• 11/17/2017 - Climate Change is affecting and will keep affecting our weather and climate around the Great Lakes. Be nice if our media began to see our weather in this longer context, which is necessary in a warming world. To be properly informed by our media so we can plan for our future at all levels—buildings, infrastructures, real estate, businesses, housing, and much more—we need a media that continually reports on the changes coming so we can adapt. Our media needs to rethink its priorities and how it reports on them. Time passes. Global Warming’s Impact on Lake Effect Snow: Fewer Flurries, More Rain Lake Michigan is getting warmer, and eventually it will mean winters with less snow in Chicago. But don’t plan yet for winters free of the white stuff. According to a recent study by climate scientists at the University of Wisconsin-Madison’s Nelson Institute Center for Climactic Research, lake effect snow will continue to make modest increases over the next few decades. But in the late 21st century, as the air continues to warm, the amount of lake effect snow from the Great Lakes is expected to decrease, with more of the precipitation falling as rain. Like other weather events, lake effect snow has been impacted by the warming of the planet from an increase in greenhouse gases. Rising global temperatures have made lakes warmer, too, causing more evaporation into the atmosphere during the winter. The result has been an increase in the amount of lake effect snow, which in this region occurs when cold arctic air blows across the relatively milder water of the Great Lakes. (November 25, 2017) WTTW Chicago Tonight [more on Climate Change and Great Lakes in our area] 

  • 11/17/2017 -   Do you live in America and are you worried by global warming? More than likely your friends and acquaintances are. Climate Change in the American Mind: October 2017 Our most recent nationally representative survey finds that the number of Americans “very worried” about global warming has reached a record high (22%) since first measured in 2008. A majority of Americans (63%) say they are “very” or “somewhat” worried about the issue. Likewise, Americans increasingly view global warming as a threat. Since Spring 2015, more Americans think it will harm them personally (50%, +14 points), their own family (54%, +13 points), people in the U.S. (67%, +18 points), people in developing countries (71%, +18 points), and future generations (75%, +12 points). Nearly two in three Americans (64%) think global warming is affecting weather in the United States, and one in three think weather is being affected “a lot” (33%), an increase of 8 percentage points since May 2017. (November 16, 2017) Yale Program on Climate Change Communication [more on Climate Change in our area]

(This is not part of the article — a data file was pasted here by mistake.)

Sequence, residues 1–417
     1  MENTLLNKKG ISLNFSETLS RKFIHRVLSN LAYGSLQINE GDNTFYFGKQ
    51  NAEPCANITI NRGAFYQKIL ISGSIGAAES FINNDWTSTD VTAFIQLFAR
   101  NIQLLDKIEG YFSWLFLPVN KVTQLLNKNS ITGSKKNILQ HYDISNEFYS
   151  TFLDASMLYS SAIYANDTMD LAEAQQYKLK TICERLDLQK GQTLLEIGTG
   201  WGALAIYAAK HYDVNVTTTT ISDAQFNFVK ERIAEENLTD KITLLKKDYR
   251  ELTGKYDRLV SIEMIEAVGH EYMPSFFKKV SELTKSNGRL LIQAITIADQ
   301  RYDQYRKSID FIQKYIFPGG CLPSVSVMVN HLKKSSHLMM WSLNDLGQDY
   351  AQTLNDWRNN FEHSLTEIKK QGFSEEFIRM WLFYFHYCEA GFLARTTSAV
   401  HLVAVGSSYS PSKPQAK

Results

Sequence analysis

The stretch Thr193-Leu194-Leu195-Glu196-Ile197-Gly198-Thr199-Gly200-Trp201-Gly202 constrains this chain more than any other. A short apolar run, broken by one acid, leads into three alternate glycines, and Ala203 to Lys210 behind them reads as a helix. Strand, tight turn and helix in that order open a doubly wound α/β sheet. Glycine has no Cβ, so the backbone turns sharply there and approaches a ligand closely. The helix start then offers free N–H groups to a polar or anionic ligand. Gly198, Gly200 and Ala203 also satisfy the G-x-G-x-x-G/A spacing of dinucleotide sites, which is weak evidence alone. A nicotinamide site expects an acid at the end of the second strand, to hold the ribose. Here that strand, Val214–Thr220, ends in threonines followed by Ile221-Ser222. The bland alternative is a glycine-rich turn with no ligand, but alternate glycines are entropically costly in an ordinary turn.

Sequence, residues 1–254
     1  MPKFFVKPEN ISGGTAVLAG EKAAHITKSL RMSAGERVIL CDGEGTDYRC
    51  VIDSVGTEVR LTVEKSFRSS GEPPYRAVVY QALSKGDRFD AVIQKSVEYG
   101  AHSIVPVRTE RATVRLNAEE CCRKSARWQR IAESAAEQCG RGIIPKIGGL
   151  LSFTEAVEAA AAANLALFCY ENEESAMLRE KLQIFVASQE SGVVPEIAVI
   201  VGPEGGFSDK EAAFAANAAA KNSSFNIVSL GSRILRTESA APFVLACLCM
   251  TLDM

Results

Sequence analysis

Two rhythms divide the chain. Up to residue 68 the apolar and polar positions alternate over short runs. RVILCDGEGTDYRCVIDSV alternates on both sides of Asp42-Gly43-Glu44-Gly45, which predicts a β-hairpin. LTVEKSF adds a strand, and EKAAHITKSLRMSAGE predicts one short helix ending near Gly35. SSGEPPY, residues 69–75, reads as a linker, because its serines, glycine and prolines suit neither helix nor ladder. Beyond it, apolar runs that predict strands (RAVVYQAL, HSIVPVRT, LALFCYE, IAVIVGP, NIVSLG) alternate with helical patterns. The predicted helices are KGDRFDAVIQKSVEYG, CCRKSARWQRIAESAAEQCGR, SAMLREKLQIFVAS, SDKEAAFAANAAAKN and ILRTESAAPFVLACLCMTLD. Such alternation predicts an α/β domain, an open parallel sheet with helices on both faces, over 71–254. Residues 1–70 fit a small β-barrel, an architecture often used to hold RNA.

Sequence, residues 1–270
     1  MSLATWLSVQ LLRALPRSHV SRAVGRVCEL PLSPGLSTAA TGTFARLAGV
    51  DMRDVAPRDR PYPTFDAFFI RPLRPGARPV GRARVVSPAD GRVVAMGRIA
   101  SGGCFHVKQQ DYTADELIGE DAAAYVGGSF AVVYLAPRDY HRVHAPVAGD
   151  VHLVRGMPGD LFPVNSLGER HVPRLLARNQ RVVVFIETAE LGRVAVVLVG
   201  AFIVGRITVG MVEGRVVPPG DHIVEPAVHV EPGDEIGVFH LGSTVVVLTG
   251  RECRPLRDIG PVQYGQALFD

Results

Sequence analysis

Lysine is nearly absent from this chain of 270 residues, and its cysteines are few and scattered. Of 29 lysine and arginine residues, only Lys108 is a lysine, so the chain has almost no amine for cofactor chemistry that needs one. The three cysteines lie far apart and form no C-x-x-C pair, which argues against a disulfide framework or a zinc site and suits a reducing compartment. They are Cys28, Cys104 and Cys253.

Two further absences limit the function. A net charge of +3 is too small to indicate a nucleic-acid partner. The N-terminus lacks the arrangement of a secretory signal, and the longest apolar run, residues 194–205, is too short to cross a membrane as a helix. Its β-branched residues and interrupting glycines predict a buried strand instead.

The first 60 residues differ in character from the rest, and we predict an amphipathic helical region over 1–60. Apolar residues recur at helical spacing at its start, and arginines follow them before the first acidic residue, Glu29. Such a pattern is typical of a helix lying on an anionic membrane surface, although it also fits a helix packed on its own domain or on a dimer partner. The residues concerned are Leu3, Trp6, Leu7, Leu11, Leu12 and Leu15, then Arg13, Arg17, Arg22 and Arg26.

• 11/17/2017 - The Rochester People’s Climate Coalition (RPCC) has become the largest and most influential umbrella organization with over 120-member organizations to address Climate Change in our region. Consider helping them with their efforts by donating "RPCC is now a 501c3 organization, which allows RPCC to accept donations that are tax deductible for the donor! If you've been looking for a way to get involved in climate action, but don't have much time to spare, this could be the opportunity for you!  Your donations are greatly appreciated! Use the Donate button above, or look for it on our website: rocpcc.org. "

  • 11/17/2017 - New York State officially banned Fracking on June 29, 2015 because of potential threats to our drinking water. Why didn’t other states follow suit? Interesting story. Industrial Strength: How the U.S. Government Hid Fracking's Risks to Drinking Water A pivotal EPA study provided the rationale for exemptions that helped unleash the fracking boom. The science was suppressed to protect industry interests. For Latkanich and all those who believe their water has been tainted by fracking, there are few remedies. Congress took away the most powerful one in 2005, prohibiting the Environmental Protection Agency from safeguarding drinking water that might be harmed by fracking and even denying the regulator the authority to find out what chemicals companies use. That provision of the Energy Policy Act was justified by an EPA study about fracking into coalbed methane reservoirs, completed under the George W. Bush administration, that concluded that fracking posed no risk to drinking water. Concerns about the study emerged from the outset, including a 2004 whistleblower complaint that called it "scientifically unsound." Now, InsideClimate News has learned that the scientists who wrote the report disagreed with the conclusion imposed by the Bush EPA, saying there was not enough evidence to support it. The authors, who worked for a government contractor, went so far as to have their company's name and their own removed from the final document. (November 16, 2017) Inside Climate News [more on Fracking in our area]